4. Before you read this, you should try out what I have currently. Download the full game (made with Blender Game Engine) here, then open levels/level2.blend in Blender and press P over the 3D view (actual release will be a lot simpler).   I've been working on the melee combat system. It's a real time ARPG-style system like Skyrim (obviously with drastically less polish). Most of the code is done, but I cannot seem to get the feel right. By game feel, I'm talking things like Game Feel and this talk (fantastic, by the way). There is very little material available that talks about good feel for combat systems like this. If only a Skyrim dev would let some of their feel secrets be known!   Currently, the combat feels very floaty. The knockback was something I've thought about a lot, but knockback in combat systems varies quite a bit. It's currently a little too exaggerated.   It would help me out a lot if you would try out my game and tell me what you think. I've considered adding screen shake, a slight 10ms pause when you hit the enemy or get hit, improving enemy animations by having drawbacks (don't know what to call those - what I mean is things like raising the sword before slashing/hints that a hit is going to come soon), and sound (actually adds a lot to feel).   If I can get the combat system feeling solid, I think the game will be drastically more engaging and fun. Like the Halo devs say, get ~30 seconds of fun and repeat that over and over again in slightly different ways.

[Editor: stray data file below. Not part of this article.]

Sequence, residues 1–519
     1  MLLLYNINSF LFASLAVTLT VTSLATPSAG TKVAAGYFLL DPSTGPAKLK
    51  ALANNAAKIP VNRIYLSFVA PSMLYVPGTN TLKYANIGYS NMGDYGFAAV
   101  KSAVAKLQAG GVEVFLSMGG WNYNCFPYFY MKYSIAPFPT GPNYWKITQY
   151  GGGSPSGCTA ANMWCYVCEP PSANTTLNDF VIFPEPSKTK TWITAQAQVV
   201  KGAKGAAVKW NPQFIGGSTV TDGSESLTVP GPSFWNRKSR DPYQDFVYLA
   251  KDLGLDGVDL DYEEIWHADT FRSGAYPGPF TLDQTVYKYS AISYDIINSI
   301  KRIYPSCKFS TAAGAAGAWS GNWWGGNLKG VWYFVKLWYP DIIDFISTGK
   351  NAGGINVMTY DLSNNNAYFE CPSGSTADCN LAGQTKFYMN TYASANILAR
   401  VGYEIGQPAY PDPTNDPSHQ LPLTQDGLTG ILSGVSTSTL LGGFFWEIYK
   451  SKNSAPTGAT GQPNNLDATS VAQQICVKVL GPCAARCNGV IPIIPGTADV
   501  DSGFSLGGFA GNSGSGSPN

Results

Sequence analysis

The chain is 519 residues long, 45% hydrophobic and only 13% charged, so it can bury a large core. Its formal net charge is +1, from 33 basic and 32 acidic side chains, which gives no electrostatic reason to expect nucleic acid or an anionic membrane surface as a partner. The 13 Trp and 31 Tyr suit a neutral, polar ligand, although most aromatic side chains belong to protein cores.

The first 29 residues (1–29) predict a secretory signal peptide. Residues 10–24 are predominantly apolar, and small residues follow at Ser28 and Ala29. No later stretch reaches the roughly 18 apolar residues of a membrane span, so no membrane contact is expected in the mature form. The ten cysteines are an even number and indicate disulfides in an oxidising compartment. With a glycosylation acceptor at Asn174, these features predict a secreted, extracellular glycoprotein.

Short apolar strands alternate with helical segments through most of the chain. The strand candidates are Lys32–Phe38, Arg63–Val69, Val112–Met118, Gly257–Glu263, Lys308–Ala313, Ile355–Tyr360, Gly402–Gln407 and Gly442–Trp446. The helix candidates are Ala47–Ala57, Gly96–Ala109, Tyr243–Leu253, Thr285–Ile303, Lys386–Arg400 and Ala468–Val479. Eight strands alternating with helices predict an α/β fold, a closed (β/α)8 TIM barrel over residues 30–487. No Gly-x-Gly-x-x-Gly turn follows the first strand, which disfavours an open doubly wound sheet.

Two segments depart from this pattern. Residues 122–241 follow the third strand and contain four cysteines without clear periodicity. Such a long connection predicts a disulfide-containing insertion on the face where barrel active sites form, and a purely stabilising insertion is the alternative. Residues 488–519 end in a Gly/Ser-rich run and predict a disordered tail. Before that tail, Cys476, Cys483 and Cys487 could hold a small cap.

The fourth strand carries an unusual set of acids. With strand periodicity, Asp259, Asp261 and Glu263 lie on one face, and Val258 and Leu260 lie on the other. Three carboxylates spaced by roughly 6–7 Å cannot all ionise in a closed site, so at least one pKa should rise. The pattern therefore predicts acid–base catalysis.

5. I just stumbled upon this bug yesterday while I was working on making enemies face you to attack you: Twitch Video It gets worse at 3:15
  6. From the album Screeny Dump

    [url="http://augames.f11.us/page.php?page=gravity"]Gravity[/url] is a physics game I made with the Blender Game Engine.
  7. From the album Screeny Dump

    [url="http://augames.f11.us/page.php?page=hint_shoot"]HINT: Shoot[/url] is my third Blender Game Engine Game, made for One Game a Month and #7DFPS
  8. From the album Screeny Dump

    This was a lighting routine I wrote for [url="http://augames.f11.us/page.php?page=flicker"]Flicker[/url]. I ended up removing it because it wasn't useful & was buggy, but it looks amazing in action.
  9. From the album Screeny Dump

    [url="http://augames.f11.us/page.php?page=gravity"]Gravity[/url] is a physics game I made with the Blender Game Engine.
  10. From the album Screeny Dump

    [url="http://augames.f11.us/page.php?page=flicker"]Flicker[/url] is a game I made for the 48 hour Utah Indie Game Jam. I won the Innovation category!
  11. From the album Screeny Dump

    A game I made with Blender Game Engine called [url="http://augames.f11.us/page.php?page=theCurse"]The Curse[/url].